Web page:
The “Tam,” or simple son, asks, “What’s this?” (Sh’mos 13:14). The Haggada gives the same answer the Torah does, except that the Torah’s answer is 36 words, and we only say the first seven. However, this can be explained by the context, as the question in the Torah is not about the Seder, but about giving the firstborn animal to G-d (or redeeming a firstborn son), which the additional words refer to directly. Nonetheless, once again the Haggada is presenting a question that was not about the Seder as if it was. To complicate matters even further, when the “four sons” are described in the Yerushalmi (P’sachim 10:4), the answer given to the Tam is not the one the Torah gave, but what the Haggada says is given to the Chacham, with the Chacham given the answer that the Haggada says is for the Tam. How can the answer appropriate for the Chacham being given to the Tam (and vice versa)?

    The “Aino Yodaya Lishol,” or son unable to ask, is based on the Torah telling us to teach our son without quoting any question being asked (Sh’mos 13:8). The “answer” in the Haggada is the same as in the Torah, although the Torah (13:6-7)  refers to eating Matzah for seven days as well as not eating anything leavened, not to the Seder itself. Additionally, this is the same verse used to answer the Rasha, yet there is no indication that this son did anything to warrant being put down — nor does the Haggada indicate that it is meant as a put down. If no put down is inherent in the verse, why is it used as such for the Rasha? If there is, why is it (also) used for the Aino Yodaya Lishol? Why is the same verse used for two sons?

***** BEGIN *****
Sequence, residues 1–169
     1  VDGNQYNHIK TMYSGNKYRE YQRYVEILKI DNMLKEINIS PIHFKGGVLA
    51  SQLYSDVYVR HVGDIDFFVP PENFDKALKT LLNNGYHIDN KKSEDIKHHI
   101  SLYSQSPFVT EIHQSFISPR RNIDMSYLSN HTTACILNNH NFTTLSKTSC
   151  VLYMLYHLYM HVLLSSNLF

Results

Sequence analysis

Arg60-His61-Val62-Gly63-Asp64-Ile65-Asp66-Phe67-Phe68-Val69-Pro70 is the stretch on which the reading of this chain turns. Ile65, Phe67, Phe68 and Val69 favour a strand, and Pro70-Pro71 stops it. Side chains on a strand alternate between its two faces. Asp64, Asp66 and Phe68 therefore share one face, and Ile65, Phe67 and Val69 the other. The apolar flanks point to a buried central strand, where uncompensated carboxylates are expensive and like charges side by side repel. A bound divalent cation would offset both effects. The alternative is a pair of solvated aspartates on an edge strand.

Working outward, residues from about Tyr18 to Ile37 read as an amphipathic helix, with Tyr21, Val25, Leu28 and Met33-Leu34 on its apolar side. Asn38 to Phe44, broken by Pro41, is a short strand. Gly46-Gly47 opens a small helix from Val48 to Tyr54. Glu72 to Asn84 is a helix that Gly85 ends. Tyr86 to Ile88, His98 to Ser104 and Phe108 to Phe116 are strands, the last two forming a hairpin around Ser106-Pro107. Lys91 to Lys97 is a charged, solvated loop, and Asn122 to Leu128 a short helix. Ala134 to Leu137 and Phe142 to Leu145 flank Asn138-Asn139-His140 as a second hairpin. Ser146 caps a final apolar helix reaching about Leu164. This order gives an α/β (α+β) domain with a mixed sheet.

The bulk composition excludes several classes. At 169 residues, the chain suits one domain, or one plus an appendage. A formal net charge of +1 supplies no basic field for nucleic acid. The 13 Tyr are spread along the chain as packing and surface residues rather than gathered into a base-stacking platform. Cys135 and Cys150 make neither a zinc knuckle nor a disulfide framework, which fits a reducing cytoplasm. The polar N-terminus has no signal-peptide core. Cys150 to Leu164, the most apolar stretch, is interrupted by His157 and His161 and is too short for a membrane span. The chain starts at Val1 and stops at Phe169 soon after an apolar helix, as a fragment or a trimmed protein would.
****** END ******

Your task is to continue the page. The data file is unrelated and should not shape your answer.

Finally, the Haggada, in relaying the questions of the sons, asks what each “says.” In the Torah, only the Rasha “says” his question (indicating that it is not a question, but a statement as to why he doesn’t involve himself in performing the Mitzvah). The Chacham and the Tam ask their question, as would be expected. Why does the Haggada refer to these questions as having been “said” rather than asked? How can the Haggada answer the same questions asked in the Torah differently than the Torah does?